The Hotel St. Francis, fronting Union Square on Powell street, has a thousand rooms and is one of the distinctive institutions of San Francisco. The fire of 1906 damaged the building but left its steel frame and granite sheath intact, and a banquet of business men was held there to celebrate the beginning of reconstruction. When you think of the St. Francis you think of beautiful wall arrangements. Its Garden Court and Fable Room, where La Fontaine’s diverting inventions serve as the motifs for murals, attract the younger set for dancing and tea. The Tapestry Room is a distinguished example of decorative treatment.
San Francisco is the greatest hotel city in the world in proportion to population. These pages necessarily skim only the surface of this aspect of the city’s life. There are some 2,000 hotels, records of the Hospitality Bureau of the Chamber of Commerce show, each having rates scaled to meet the guests to whom it caters. Representatives of the Hospitality Bureau copy the names of arrivals at the hotels from the registers. These names are classified according to interests and given to a Hospitality Committee made up of business men who personally greet arrivals, bring them to the clubs, and dispense other courtesies.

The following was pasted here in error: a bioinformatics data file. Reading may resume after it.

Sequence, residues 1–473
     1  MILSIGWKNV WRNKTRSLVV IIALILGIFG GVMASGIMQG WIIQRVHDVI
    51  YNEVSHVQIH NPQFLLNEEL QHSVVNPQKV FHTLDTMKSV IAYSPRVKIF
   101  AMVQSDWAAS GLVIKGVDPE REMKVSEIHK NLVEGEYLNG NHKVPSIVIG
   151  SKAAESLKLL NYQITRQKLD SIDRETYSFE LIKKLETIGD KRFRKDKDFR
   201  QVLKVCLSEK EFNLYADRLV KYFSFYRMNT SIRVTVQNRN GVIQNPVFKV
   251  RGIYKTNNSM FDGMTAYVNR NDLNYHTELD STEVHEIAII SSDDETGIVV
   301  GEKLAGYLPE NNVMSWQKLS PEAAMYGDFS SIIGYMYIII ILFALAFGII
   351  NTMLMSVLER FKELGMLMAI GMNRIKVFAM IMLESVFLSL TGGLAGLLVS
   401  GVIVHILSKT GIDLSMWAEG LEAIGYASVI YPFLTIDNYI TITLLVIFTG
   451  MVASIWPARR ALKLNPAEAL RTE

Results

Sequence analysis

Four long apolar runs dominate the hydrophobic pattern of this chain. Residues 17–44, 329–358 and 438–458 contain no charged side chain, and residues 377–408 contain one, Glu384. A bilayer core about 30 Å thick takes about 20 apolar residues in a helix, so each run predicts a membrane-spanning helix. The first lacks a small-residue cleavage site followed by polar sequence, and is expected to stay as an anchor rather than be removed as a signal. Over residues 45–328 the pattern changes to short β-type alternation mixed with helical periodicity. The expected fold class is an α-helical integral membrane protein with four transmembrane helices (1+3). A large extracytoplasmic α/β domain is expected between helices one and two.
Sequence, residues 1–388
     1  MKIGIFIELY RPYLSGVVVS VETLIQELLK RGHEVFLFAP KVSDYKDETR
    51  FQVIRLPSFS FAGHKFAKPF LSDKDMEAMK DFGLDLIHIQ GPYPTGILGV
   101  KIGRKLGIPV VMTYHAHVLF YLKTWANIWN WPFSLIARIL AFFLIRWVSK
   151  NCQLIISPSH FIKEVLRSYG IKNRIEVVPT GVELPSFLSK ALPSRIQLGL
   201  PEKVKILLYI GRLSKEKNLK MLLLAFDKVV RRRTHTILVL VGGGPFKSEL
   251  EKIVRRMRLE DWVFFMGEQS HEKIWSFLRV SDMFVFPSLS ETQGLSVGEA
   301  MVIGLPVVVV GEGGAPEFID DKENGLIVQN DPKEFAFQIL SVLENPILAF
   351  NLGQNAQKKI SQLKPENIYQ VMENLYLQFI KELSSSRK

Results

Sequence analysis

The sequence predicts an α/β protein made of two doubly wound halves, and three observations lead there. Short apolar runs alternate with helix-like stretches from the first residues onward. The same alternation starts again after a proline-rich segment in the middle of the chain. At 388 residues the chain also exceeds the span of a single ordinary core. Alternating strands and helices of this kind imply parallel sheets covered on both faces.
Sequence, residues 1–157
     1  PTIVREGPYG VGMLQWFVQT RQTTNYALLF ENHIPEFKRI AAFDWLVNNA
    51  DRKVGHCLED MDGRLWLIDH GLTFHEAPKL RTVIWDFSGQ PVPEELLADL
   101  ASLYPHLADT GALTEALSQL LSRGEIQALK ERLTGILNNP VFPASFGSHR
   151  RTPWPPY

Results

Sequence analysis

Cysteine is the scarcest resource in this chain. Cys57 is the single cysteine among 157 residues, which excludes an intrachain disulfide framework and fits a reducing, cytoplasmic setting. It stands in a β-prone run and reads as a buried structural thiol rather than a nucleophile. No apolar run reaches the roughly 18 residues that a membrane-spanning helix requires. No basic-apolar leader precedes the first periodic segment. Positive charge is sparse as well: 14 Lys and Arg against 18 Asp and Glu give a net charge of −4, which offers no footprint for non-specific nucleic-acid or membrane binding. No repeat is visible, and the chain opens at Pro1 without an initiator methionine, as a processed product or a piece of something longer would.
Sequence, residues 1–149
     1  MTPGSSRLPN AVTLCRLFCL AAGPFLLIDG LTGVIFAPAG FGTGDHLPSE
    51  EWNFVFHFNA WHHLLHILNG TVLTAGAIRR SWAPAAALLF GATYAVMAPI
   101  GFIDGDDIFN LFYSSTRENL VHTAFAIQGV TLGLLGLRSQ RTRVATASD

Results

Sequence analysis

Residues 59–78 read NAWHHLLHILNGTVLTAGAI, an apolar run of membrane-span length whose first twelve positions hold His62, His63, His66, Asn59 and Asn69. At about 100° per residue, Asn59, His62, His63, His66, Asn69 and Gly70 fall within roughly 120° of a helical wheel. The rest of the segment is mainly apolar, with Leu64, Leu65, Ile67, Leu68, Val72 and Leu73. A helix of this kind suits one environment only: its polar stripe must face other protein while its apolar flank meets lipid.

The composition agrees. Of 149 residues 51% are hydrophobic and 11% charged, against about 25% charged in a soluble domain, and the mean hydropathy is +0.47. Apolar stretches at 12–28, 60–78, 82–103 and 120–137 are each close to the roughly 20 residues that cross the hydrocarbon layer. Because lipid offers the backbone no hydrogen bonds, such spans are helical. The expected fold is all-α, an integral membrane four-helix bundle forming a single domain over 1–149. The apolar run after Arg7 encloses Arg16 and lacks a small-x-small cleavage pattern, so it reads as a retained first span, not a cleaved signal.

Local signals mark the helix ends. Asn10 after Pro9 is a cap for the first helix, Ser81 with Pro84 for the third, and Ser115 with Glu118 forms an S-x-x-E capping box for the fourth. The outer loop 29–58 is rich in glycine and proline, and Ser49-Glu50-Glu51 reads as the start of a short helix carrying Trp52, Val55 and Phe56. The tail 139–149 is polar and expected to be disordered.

It was O. Henry, caliph of phrases, who called San Francisco the Bagdad of the West. In doing so he must have had in mind its profusion of shops which stretch through the city like an endless bazaar.
Midweek shopping crowds in San Francisco are comparable to Saturday afternoon crowds in other American cities. This fact has been commented upon frequently by merchandising specialists, and it has significance.
Street population spells buying power, and San Francisco has larger shopping crowds every day of the year than any other city west of New York. Every day but Sunday is a shopping day.
Constant shopping by San Francisco women gives stimulus to the city’s retailers to comb world markets for the newest and most attractive offerings. Buyers are sent by the larger establishments not only to Paris and other style centers, but to all of the larger international trade fairs. Stocks in the shops reflect the enterprise of the retailers, who not only display the latest modes, but frequently create them.
The downtown shopping district spreads from Market to all the streets that radiate from it, from Kearny westward, well above Powell. Market street itself is a continuous stretch of display windows. Grant avenue, Stockton, Powell, O’Farrell, Geary, Post and Sutter streets are lined with department stores and intimate shops.
The Richmond, Mission, Sunset and other out lying districts have their own sub-centers, each crowded six days in the week with shoppers. Otherwise the downtown streets would be congested.
Flower stands splash the street corners with color in the downtown shopping district, and the wares glow in the show windows like exotic blooms under glass.